Now to make the fake cheese sauce.
I found a bunch of recipes online for dairy-free cheese sauce that used flour and nutritional yeast and figured I'd try those but make substitutions for the flour and just skip the yeast altogether.
I used soy milk, rice flour, cider vinegar, olive oil and salt … which if mixed in the right proportions and allowed to simmer for 5-10 minutes makes --
-- very fancy but very bland gluten-free paper maché glue.
Oh boy. Maybe that nutritional yeast should have gone into the mix? Oh well, too late now. Undaunted, I pressed on.
Next, I added my frozen veggies to my meat mixture.
I admit, I went a little overboard with the veggies, but I figured if I'm going to eat gluten-free paste, the veggies might make it taste better.
All that done, it was time to start assembling my Expanse lasagna. I pulled out my special squiggly pan (courtesy of Buy-It-Now from eBay!) and started layering.
First the noodles.
Next some paste, er, I mean cheese.
Then some 'meat' and veggies mixture.
Some more noodles.
A little faux-cotta cheese.
Another layer of noodles and a final coat of faux-cotta finished it off. Then I put the whole thing into the oven at 400F/204C for 40 minutes.
When it came out, I was pleasantly surprised. It looked a lot more like the Expanse lasagna than I thought it would.
Not bad, right?
But how about taste? Misery loves company and since I was still on the fence about my cheese sauce being more paste than food, I decided the only way to truly endure the meal was to inflict it on as many people as possible …
So I served it to my family for dinner.
And guess what???
It was delicious!
No, really! Somewhere along the way while making this insane lasagna with no wheat, no cheese, no tomato and adding in fake ricotta and wallpaper paste … it actually became not only edible but really really tasty!
I admit it, I am 100% shocked at how good it actually was.
I am also shocked at how many pots and pans I had to wash after that entire adventure … but hey, it was worth it.
So, final thoughts ... would I make this again? Actually, yes. I have some very good friends who are vegetarian and I think they'd like this. To be honest, I have some carnivore friends who would also enjoy this. Next time I'd probably give the nutritional yeast a try and see what that adds, but all in all ... I'd rate this a solid success.
Feeling brave? Want to whip up your own batch of Alex Kamal-inspired Expanse lasagna?
To make the faux-cotta you will need:
1 16 oz box of firm silken tofu
1 2/3 teaspoon apple cider vinegar
2 teaspoons salt
You will also need:
Place your tofu into the strainer over your bowl and allow to drain for about 5 minutes.
Discard the liquid and then transfer the tofu to the bowl.
Using your fork, mash your tofu and mix in your cider vinegar and salt.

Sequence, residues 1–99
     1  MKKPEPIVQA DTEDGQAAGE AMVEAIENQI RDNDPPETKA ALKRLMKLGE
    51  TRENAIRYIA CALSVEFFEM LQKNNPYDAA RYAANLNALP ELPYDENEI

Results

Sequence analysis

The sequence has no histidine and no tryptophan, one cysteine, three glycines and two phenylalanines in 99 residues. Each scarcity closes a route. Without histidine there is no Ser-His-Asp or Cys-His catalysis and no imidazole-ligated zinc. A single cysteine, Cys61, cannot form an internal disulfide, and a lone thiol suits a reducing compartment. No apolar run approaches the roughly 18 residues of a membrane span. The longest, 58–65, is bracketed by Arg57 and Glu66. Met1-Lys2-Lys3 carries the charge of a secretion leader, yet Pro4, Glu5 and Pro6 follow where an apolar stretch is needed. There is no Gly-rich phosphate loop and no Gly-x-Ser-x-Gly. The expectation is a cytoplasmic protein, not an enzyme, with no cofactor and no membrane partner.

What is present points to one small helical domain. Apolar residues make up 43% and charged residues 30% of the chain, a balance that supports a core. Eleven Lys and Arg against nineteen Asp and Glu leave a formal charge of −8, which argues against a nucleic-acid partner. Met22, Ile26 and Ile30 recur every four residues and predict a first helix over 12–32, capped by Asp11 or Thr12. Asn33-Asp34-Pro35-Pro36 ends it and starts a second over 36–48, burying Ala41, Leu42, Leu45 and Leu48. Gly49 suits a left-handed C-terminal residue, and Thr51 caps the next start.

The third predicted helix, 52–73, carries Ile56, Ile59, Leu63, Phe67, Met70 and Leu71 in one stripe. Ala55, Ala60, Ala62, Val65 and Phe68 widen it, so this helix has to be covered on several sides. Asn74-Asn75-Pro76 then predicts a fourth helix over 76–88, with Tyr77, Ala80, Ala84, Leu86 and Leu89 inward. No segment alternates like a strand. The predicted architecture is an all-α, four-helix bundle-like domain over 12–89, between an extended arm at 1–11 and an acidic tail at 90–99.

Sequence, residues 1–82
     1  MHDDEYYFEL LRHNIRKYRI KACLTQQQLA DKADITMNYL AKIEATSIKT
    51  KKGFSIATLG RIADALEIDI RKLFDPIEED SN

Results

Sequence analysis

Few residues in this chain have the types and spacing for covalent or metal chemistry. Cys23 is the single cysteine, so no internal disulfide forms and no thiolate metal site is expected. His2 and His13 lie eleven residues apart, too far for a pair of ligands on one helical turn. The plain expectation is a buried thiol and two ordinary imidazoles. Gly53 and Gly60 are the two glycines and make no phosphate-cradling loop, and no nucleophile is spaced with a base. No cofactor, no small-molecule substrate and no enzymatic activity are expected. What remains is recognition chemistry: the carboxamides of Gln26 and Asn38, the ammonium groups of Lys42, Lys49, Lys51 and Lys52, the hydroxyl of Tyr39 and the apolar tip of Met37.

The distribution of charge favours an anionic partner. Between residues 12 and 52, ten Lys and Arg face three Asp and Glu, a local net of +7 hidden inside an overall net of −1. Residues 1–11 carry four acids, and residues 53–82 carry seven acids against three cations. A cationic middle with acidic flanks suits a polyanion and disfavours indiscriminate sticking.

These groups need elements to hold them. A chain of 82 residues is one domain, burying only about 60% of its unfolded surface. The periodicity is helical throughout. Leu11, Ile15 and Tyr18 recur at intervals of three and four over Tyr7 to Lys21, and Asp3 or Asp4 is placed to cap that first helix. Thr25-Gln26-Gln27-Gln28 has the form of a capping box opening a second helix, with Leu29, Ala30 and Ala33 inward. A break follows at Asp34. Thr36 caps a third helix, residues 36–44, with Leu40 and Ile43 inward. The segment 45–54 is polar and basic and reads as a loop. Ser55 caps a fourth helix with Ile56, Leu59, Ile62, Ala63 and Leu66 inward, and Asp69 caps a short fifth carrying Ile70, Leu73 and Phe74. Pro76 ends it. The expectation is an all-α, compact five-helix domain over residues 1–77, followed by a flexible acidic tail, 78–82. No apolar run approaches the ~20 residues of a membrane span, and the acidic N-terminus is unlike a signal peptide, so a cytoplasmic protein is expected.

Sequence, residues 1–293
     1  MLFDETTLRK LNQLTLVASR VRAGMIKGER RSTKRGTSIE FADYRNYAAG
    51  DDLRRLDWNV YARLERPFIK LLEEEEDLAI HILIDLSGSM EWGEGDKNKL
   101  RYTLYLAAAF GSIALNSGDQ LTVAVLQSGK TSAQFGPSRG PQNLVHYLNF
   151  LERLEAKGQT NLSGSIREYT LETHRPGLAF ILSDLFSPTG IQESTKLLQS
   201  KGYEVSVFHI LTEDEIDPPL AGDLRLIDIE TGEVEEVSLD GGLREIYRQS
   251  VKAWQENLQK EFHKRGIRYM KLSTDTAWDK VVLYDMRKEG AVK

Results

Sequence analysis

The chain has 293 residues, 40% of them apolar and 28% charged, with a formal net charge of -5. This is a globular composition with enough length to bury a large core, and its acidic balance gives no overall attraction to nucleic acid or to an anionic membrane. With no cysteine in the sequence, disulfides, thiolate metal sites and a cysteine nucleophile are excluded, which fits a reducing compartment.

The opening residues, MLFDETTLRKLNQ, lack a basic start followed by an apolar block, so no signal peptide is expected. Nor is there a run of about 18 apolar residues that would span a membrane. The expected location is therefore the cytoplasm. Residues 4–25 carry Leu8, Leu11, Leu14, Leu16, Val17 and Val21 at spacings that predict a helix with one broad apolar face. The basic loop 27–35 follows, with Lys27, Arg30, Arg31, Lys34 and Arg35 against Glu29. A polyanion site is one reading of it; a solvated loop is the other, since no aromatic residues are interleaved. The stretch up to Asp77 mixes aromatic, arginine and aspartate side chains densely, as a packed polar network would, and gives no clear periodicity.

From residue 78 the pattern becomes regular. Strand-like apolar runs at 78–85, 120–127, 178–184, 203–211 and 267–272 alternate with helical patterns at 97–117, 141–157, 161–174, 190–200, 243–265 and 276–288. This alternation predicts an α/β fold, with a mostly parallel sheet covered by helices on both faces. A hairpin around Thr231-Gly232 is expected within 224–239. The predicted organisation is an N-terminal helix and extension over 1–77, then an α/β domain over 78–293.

To make your fake cheese sauce you will need:
¼ cup rice flour
1 teaspoon salt
2 cups soy milk
2 teaspoons apple cider vinegar
½ Tablespoon olive oil
You will also need:
Small sauce pan
Combine your flour and salt in a small saucepan. Add in ¼ of the cup of soy milk and mix. Once the mixture is well incorporated, add in the rest of the soy milk, vinegar and olive oil. Over medium heat, cook the mixture for about 4-5 minutes, stirring constantly. The mixture will thicken as it cooks.
Once thickened, remove from heat and set aside.
To make your lasagna noodles you will need:
1 10 oz. box of gluten-free rice lasagna noodles
1 teaspoon salt
1 Tablespoon olive oil
1 quart water
You will also need:
A large pot
Bring your water to a boil. Add the salt, olive oil and noodles. Cook for 5 minutes less than what the box tells you. You want the noodles to be almost cooked. They'll finish cooking in the oven.
Drain and set aside for now.
To make your 'meat' and veggies you will need:
1 10 ounce bag of veggie meat crumbles
1 10 oz box of frozen spinach, thawed
1 10 oz bag of frozen mixed veggies (I used California veggies which included carrots, broccoli, zucchini, and squash)
1 package instant spaghetti spice
1 teaspoon dried garlic
1 teaspoon dried oregano
1 teaspoon dried basil
2 Tablespoons olive oil
½ cup water
You will also need:
Medium sauce pan
In your saucepan mix together your meat crumbles, olive oil, garlic, oregano, basil and spaghetti spice. Add in the cup of water and cook until the water is 90% evaporated. Add your spinach and veggies and cook until all water content has evaporated (about 8-10 minutes).
Now it's time to assemble this culinary masterpiece.
You will need:
Your cooked rice noodles
Your faux-cotta cheese
Your cheese sauce
Your meat and veggie mixture
You will also need:
1 squiggly baking pan (regular baking pan can also be substituted)
Place a layer of noodles down in your pan, then add in some of the cheese sauce. Next, put down a layer of meat and veggies followed by another layer of noodles and then some faux-cotta. Continue layering until you run out of noodles. Top with a layer of faux-cotta smoothed down.
Pop into a 400F/204C oven for 40 minutes. Bake until lasagna is golden on top and sauce, is bubbling.
Enjoy your surprisingly tasty and out-of-this-world lasagna!